Michelle Brophy: System Change Champion

What kind of person does it take to bring together nonprofits, funders, government and legislators to focus resources and time on a solution to chronic homelessness?

What kind of person does it take to bring together nonprofits, funders, government and legislators to focus resources and time on a solution to chronic homelessness?

Michelle Brophy is that kind of person, and you might say that she has her eyes on the prize. The prize being bringing supportive housing – the concept of permanently housing chronically homeless people while wrapping around supportive service – to Rhode Island with the audacious goal of ending homelessness for the state’s 600 chronically homeless men and women.

Eyes on the prize requires:

  • Focus on mission – systems change over institution building
  • Patience
  • Educating others through many avenues
  • Relationship and network building
  • Using resources and managing outside of the box
  • And lack of ego

Michelle is the kind of leader who exemplifies the way many nonprofit leaders will be working in the very near future: working across organizational boundaries and building the big tent to get things done. This is especially critical at the level of community impact and change in social conditions.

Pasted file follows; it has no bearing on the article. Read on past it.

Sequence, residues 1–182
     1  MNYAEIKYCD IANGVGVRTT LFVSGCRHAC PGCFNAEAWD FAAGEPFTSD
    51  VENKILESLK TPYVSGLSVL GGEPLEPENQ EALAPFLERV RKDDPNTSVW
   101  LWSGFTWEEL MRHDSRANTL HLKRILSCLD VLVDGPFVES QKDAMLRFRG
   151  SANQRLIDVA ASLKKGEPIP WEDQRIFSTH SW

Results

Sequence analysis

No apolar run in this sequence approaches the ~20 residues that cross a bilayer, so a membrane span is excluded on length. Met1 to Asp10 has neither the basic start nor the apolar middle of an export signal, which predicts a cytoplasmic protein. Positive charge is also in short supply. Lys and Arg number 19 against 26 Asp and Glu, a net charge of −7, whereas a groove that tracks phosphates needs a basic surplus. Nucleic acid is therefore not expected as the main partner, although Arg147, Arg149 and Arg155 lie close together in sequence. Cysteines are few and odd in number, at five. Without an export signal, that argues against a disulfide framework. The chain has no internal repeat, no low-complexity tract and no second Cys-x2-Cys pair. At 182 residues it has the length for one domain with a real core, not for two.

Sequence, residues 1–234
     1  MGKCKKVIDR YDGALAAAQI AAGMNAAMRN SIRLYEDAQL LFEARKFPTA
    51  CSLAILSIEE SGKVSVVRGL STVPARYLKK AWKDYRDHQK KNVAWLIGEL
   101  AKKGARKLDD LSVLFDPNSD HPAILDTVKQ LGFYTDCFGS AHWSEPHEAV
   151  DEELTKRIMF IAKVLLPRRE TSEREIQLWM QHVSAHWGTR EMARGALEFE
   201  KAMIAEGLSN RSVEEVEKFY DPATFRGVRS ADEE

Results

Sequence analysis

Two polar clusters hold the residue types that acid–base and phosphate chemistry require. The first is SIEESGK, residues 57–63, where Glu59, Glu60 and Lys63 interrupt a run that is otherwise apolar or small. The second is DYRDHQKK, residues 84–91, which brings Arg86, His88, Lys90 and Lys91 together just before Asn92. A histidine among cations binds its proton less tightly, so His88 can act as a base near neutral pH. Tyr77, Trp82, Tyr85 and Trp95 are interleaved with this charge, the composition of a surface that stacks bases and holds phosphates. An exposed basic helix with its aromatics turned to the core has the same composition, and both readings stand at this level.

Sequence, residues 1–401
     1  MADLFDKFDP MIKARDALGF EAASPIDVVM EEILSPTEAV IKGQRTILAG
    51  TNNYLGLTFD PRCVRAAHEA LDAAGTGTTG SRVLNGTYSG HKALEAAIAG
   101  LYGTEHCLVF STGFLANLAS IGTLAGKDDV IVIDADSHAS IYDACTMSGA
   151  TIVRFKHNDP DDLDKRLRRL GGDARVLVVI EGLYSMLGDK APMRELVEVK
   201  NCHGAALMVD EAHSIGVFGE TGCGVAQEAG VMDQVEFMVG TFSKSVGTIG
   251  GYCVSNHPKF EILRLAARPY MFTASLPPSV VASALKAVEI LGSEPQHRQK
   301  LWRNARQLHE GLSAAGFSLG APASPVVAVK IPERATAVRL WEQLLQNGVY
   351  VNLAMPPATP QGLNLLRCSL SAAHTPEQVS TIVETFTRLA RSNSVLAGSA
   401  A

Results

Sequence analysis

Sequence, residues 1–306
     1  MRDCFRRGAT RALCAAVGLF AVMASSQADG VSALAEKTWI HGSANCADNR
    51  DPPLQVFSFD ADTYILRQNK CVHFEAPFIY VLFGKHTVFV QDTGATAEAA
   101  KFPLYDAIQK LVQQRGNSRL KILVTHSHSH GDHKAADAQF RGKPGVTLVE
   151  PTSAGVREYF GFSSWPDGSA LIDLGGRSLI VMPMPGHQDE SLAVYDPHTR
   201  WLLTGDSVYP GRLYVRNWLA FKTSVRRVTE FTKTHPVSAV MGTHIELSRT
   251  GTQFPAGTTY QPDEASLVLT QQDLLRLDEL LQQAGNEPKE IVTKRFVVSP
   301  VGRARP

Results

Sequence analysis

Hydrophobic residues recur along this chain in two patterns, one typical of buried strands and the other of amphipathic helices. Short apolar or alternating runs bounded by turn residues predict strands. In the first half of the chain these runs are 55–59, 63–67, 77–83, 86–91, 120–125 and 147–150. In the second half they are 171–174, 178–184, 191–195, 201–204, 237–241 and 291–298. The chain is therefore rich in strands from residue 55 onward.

Relationship Building – Laying the Groundwork

Currently, Michelle is the New England program director for the Corporation for Supportive Housing (CSH), headquartered in New York City. Before joining CSH, Michelle worked at Rhode Island Housing where she built relationships with people that would serve her well in the years to come. Michelle joined CSH when it opened its office in Rhode Island in 2003 and was charged with introducing the concept of supportive housing for the chronically homeless to Rhode Island – and getting it up and running.